Reactive seizures in cats : A retrospective study of 64 cases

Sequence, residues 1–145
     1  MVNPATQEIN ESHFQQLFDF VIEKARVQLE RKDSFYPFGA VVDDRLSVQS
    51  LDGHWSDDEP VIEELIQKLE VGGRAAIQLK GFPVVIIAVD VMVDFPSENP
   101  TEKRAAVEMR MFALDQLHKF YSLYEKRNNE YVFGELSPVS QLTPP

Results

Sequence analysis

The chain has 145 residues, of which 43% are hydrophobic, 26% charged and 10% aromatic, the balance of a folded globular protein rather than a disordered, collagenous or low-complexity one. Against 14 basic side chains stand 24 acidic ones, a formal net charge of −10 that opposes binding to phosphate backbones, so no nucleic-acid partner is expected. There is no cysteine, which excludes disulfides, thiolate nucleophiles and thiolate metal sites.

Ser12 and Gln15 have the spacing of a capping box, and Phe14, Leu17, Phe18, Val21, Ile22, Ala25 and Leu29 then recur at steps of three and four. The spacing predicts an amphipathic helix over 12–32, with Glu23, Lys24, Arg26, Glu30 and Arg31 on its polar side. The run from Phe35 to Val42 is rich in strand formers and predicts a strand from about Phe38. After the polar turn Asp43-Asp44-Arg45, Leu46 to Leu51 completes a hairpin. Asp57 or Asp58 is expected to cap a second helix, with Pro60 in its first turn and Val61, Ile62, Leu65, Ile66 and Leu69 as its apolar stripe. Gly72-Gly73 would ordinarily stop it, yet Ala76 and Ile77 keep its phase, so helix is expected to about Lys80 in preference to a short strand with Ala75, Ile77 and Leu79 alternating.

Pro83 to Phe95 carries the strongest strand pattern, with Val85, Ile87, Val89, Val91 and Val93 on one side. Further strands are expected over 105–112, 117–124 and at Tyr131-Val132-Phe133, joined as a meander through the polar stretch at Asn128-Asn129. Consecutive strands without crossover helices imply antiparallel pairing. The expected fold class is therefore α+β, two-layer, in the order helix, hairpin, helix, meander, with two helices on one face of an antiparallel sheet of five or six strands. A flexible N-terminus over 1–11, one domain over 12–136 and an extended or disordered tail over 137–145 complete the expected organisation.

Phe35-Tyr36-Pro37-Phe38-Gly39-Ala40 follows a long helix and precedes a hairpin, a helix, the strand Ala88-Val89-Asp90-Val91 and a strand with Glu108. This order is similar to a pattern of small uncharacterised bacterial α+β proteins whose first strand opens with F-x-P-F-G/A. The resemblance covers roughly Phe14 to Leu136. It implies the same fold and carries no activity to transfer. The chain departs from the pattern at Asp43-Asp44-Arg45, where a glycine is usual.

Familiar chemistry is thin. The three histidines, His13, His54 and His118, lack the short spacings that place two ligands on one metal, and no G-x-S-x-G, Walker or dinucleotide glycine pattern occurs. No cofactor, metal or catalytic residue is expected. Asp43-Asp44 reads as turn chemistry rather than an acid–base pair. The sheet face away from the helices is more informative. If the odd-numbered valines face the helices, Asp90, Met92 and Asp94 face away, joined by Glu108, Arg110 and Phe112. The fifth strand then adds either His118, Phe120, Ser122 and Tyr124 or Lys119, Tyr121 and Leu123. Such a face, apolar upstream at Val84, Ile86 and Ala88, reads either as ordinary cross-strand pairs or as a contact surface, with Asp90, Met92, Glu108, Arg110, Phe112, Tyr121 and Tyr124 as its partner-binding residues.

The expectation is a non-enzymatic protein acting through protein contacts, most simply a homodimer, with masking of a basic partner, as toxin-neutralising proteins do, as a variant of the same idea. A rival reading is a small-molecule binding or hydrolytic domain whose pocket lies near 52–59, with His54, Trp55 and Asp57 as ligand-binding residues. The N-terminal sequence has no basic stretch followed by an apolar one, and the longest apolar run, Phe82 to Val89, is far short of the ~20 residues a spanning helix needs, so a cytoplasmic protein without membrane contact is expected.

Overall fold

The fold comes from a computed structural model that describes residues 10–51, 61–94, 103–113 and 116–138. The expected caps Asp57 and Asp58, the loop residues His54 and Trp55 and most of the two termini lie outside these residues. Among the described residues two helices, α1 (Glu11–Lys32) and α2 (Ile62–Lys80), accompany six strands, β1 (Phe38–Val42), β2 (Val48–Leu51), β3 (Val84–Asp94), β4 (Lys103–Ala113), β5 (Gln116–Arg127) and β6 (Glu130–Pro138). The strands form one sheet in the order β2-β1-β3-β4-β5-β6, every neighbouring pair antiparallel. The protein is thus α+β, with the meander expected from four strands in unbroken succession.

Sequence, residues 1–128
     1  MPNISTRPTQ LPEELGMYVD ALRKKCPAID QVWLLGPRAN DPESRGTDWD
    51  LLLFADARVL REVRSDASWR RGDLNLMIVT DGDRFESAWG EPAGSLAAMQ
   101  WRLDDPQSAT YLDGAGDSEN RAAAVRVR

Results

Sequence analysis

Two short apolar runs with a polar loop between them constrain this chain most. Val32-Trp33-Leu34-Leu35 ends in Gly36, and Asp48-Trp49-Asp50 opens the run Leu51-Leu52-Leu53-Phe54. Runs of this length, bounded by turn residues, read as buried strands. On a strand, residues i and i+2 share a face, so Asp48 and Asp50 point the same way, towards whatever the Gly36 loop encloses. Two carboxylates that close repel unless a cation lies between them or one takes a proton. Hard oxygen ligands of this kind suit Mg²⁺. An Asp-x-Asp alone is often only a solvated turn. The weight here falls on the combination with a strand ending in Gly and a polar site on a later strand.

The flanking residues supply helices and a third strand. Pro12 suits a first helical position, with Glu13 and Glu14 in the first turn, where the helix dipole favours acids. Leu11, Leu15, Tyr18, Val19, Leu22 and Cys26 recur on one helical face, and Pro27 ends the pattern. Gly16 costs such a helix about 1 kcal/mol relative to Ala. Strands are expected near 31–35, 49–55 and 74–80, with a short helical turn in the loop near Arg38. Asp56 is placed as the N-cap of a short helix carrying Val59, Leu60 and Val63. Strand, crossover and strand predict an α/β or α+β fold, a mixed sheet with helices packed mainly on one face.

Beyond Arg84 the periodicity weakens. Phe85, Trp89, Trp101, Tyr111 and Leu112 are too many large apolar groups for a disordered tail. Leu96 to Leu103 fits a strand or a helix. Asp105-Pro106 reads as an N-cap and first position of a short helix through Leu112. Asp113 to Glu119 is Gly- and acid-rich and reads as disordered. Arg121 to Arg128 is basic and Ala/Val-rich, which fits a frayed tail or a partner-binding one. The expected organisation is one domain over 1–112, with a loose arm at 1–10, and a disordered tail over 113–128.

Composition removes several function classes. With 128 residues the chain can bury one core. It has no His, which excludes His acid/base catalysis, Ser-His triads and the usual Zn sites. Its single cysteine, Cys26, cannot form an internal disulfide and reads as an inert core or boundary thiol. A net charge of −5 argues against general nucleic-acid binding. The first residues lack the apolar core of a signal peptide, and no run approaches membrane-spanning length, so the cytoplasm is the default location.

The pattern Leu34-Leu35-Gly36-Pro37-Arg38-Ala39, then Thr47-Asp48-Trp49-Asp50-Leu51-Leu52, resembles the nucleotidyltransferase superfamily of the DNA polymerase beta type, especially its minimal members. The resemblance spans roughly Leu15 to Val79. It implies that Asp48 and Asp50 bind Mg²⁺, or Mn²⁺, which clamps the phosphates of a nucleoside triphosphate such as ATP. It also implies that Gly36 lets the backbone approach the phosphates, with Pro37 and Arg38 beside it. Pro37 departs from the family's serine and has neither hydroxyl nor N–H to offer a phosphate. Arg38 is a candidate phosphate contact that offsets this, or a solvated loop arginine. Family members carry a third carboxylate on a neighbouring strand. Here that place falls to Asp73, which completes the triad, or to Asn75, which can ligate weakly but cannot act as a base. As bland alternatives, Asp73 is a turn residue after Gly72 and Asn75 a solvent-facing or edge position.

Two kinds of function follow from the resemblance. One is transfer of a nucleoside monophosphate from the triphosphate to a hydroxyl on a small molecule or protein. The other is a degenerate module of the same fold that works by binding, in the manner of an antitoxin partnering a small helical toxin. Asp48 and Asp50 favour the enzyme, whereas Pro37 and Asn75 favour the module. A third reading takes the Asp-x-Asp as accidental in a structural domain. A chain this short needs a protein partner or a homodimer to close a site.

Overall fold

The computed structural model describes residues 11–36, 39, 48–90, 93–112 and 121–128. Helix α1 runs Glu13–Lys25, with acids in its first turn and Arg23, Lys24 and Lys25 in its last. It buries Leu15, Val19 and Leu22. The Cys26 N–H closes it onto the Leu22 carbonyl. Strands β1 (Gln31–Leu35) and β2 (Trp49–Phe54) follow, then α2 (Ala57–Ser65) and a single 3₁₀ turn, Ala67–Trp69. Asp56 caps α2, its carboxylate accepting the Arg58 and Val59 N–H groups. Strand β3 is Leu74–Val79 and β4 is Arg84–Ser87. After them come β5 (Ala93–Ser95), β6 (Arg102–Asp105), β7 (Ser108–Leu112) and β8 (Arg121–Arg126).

Epileptic seizures are a common indication for neurological evaluation. This retrospective study reviewed 789 cats referred for epileptic seizure evaluation to the Department of Small Animal Medicine and Surgery of the University of Veterinary Medicine in Hannover, between 1998 and 2017. The aim of this study was to determine common causes for reactive seizures (RS) in cats. Reactive seizures were diagnosed in 62 (7.9%) of 789 feline patients. The most common cause of RS was presumptive or confirmed intoxication (n=34/62; 54.8%). Toxins included permethrin (n=5/62; 8.1%), fipronil (n=1/62; 1.6%), and pesticide (n=1/62; 1.6%). Other common causes were hepatic and renal encephalopathy (n=6/62; 9.7% each), hypertension (n=5/62; 8.1%), hyperthyroidism (n=3/62; 4.8%), hypoglycaemia (n=3/62; 4.8%), and hyperglycaemia (n=1/62; 1.6%). Most commonly, cats with RS presented with generalised tonic-clonic seizures (n=25/62; 40.3%). A single status epilepticus was observed in 9.7% (n=6/62) and 4.8% (n=3/62) presented only with cluster seizures. Focal seizures were the only presenting sign in 3.2% (n=2/62) of cases, however in 4.8% (n=3/62) they were accompanied by tonic-clonic seizures. The mean age of all cats presented for RS was 10.8 years. In the intoxication group, the mean age was 2.9 years. Intoxication (confirmed or presumptive) was the most common cause of RS identified. Clinicians should suspect intoxication when other causes of RS are excluded; when there are appropriate historical findings; when the cat is frequently unobserved by the owner; when symptomatic treatment leads to cessation of epileptic seizures; and when seizures do not recur after treatment has been discontinued.